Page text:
Why our overemphasis on older Americans isn’t sustainable
Ric Edelman: It's Wednesday, November 15th. I'm now 65 years old. I get the senior discount at the movies, on busses, at restaurants. Why? Just because I'm 65. But I'm the one with money, not the 20 year old students I recently spoke to at Rowan University. I did a master class there a couple of weeks ago. Older Americans like me control national politics, and we consume a huge piece of the federal budget thanks to the spending on Social Security and Medicare. It's those 20 year old’s at Rowan. It's our kids and grandkids who are going to have to pay all these bills.
When FDR created Social Security back in 1935, there were not very many people who ever made it to age 65. And if you did well, you were probably broke because you didn't have a job at 65. That meant you didn't have an income and you likely didn't have much in savings. Old people were poor people, so they needed discounts to get into those movie theaters.
But that's not how it is today. Today we've got pensions. We have fully paid-for homes by the time we retire. We've got big 401(k) balances and we're in good health too. Maybe therefore still even working and still earning a paycheck. We don't need that movie theater discount just because we're 65. But our kids who are just out of school, who've got low salaries, big student loan debts; they're the ones who need those discounts.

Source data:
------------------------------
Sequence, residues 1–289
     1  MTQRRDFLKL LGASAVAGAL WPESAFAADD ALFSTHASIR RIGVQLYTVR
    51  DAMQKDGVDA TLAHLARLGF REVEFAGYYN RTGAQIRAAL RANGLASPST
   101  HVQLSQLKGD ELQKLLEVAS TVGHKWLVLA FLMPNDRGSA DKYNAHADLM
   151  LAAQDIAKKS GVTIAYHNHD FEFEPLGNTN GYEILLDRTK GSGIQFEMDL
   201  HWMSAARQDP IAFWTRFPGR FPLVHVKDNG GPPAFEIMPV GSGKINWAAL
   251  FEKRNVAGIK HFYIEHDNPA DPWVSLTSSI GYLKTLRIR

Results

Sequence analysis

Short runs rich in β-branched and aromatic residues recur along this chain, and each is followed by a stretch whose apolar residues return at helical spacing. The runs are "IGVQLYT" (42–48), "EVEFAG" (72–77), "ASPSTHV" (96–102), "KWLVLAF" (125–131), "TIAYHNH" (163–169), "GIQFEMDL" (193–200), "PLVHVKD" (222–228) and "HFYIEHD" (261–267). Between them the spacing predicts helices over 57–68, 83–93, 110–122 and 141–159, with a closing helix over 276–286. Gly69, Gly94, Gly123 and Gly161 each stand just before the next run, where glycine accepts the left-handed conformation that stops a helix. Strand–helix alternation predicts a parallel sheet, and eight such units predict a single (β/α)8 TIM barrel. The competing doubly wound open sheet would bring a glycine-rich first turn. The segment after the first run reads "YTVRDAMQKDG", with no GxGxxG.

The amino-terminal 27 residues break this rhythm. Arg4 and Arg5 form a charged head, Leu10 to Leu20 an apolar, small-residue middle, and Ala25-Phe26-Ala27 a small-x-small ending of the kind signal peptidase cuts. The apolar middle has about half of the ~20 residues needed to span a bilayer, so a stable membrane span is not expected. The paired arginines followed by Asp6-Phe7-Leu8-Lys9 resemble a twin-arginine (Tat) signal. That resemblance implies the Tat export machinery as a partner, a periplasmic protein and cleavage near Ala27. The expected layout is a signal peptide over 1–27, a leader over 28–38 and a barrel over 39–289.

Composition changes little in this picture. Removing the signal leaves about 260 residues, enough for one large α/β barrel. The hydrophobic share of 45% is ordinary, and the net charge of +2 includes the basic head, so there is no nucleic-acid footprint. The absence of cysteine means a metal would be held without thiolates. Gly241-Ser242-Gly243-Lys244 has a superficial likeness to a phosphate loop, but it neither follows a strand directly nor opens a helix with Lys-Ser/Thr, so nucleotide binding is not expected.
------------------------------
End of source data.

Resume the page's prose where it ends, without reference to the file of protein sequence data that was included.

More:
When FDR created Social Security, you had to be 65 in order to get benefits, and you wouldn't get them for long because you had such a short life expectancy. But today, we've got a lower age than ever for you to be able to start getting Social Security 62, and we've increased your life expectancy, which means you're going to get those checks for longer. It doesn't make any sense. The system cannot support these huge payouts for so many years per person.
In 1960, the typical 65-year-old couple got benefits from Medicare and Social Security that were worth about $330,000. Now you adjust that for inflation, those benefits are worth $1.1 million. But the lifetime taxes that the typical couple pays for all those benefits is only $650 grand. Yeah, it's a hell of a deal for you and me, too good a deal for the government to keep offering. Since 1980, 80% of the growth in federal spending has gone to Social Security and Medicare. But the federal and state governments have been cutting back on funding for education and childcare. We're subsidizing older Americans at the expense of younger Americans.
How does this make any sense? How is any of this sustainable? I first warned you about 30 years ago about the coming age war in America. It's getting real now that the Social Security Trust Fund is going broke, and retirees are facing a 25% cut in benefits starting in eight years. The only way Congress can preserve the Social Security income for old people is to tax the young people. The age war is coming to a head and you need to be prepared for it.